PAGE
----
Joint checking accounts.
You may want more than one individual on your checking account. Whether it's a significant other, family member or friend, you can add a person to your account at any time, or open a joint checking account together.
Joint checking accounts are a great option for couples, parents and children, or senior citizens and caregivers. A joint checking account functions like a regular checking account. The only difference is that both individuals on the account are able to make transactions.
How to add an individual to your checking account.
You'll need to visit a Huntington branch with the person who will be added to your checking account. In addition, you'll need the following information for each person:
- Social security number/card
- U.S. government issued ID (such as a driver’s license, state ID card or passport)
Open a new joint checking account together.
Huntington makes it easy to open a joint checking account. You can apply for an account online or at a branch (both parties must be present to do so in person). You’ll need the information above as well as any documentation required to open a checking account.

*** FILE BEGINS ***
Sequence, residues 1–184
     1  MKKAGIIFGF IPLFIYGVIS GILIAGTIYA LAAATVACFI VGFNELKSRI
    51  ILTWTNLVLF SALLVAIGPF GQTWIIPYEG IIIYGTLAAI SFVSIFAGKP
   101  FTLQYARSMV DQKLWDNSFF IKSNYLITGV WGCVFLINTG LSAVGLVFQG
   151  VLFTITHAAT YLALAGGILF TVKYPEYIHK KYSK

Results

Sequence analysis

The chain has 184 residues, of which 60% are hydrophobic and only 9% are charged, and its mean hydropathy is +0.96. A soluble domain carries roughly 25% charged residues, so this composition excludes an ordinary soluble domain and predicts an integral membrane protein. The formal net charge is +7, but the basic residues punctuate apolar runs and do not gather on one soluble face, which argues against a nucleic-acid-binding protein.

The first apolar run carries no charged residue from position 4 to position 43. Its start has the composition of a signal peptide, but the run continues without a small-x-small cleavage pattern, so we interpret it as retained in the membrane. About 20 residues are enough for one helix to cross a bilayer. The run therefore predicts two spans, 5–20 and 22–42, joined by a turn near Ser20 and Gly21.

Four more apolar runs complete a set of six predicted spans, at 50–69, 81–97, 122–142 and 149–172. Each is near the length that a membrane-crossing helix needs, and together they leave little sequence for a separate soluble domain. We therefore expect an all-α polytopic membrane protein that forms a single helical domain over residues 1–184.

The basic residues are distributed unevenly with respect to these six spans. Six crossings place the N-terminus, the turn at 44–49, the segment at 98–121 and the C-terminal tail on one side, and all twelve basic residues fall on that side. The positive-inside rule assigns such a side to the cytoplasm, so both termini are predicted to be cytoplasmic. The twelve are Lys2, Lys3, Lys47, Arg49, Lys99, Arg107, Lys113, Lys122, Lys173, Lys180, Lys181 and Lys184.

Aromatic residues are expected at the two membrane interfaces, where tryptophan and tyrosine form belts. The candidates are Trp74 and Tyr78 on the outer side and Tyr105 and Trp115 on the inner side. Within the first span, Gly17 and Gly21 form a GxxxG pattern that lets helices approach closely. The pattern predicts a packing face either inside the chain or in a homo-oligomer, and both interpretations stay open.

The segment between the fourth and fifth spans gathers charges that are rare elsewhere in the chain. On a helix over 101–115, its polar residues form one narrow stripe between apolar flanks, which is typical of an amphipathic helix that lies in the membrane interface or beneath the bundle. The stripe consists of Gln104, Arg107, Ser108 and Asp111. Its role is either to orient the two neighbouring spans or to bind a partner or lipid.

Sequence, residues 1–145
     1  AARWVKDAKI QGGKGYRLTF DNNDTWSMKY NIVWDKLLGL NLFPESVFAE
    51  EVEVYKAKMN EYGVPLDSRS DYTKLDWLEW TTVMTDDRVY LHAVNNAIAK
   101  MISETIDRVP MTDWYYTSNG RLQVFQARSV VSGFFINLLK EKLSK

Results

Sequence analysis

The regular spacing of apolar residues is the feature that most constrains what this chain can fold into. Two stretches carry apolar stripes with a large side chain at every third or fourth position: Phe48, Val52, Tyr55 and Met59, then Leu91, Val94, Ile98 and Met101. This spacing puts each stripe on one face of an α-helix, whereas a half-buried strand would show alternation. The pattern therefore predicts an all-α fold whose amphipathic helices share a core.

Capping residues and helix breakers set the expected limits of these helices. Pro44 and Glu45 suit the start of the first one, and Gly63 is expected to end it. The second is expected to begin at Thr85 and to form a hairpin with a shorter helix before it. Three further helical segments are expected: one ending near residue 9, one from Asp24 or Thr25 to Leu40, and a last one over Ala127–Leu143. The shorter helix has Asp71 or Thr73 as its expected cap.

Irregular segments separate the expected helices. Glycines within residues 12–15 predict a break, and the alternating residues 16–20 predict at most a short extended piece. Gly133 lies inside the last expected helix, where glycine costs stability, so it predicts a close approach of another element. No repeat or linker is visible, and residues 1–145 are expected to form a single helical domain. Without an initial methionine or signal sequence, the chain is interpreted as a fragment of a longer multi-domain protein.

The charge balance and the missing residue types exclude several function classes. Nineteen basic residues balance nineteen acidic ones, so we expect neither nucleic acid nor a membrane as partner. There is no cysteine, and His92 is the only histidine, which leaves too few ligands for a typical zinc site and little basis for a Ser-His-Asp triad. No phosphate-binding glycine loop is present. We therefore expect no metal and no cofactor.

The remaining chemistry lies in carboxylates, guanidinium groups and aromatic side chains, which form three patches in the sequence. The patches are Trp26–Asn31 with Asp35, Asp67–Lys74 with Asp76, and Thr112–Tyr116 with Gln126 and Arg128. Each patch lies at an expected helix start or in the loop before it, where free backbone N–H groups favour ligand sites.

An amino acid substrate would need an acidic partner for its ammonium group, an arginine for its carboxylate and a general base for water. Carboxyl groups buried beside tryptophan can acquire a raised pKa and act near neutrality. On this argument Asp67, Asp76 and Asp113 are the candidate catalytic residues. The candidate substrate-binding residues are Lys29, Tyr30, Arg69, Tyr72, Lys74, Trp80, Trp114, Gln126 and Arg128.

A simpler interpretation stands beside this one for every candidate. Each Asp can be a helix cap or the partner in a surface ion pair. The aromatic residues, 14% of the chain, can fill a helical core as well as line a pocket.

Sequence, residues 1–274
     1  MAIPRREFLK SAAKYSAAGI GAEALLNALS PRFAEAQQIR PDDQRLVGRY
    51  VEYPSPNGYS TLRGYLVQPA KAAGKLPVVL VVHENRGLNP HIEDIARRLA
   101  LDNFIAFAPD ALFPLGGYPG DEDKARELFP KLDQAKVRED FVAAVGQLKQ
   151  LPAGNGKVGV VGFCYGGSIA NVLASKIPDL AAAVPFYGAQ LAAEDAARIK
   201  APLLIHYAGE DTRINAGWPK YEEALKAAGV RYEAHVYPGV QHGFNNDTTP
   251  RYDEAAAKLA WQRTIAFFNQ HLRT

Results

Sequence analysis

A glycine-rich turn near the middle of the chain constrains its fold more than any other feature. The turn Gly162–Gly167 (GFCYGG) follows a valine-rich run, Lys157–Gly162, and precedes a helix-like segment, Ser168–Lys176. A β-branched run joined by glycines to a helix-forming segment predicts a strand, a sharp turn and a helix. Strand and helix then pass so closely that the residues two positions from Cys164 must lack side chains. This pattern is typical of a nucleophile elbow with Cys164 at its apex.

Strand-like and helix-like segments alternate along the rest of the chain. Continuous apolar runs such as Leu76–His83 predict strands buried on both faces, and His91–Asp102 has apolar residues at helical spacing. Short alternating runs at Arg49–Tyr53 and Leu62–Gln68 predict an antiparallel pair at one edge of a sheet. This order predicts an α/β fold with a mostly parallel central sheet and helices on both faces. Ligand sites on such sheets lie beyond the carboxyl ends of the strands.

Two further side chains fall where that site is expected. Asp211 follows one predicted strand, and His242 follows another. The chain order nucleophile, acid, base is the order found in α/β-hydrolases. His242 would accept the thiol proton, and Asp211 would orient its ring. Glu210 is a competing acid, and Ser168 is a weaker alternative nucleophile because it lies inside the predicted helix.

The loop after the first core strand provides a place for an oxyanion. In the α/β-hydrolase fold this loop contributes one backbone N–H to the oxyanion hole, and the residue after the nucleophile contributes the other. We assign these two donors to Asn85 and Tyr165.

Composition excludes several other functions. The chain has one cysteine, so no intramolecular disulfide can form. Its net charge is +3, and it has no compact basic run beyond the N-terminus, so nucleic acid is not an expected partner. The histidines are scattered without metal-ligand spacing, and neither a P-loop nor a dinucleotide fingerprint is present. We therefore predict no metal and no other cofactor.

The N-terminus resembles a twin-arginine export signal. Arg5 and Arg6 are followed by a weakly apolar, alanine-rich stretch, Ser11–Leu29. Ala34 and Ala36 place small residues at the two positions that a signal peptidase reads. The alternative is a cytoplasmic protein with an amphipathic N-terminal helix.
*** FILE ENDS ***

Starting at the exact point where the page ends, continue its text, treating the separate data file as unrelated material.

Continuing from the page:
Pros and cons of a joint checking account.Consider the pros and cons of opening a joint checking account to determine if it's the best option for you.
- Combining money with another person may make it easier to qualify for accounts with higher minimum balance that may offer things like higher interest rates, fewer fees and rewards
- Parents can monitor the spending and saving habits of their children
- Shared expenses, such as rent, can be paid with the joint account
- In the event of a death, the other accountholder will have access to the account
- For aging relatives, family members can help manage their finances
- Some couples prefer to keep their finances private from their partners
- Since transactions can be made by either account holder without the others consent, potential Overdraft Fees could be charged if accountholders aren’t keeping an eye on their account balance
- Unpaid debts leave both parties vulnerable for creditors to pursue the account for settlements, even if only one party is in debt
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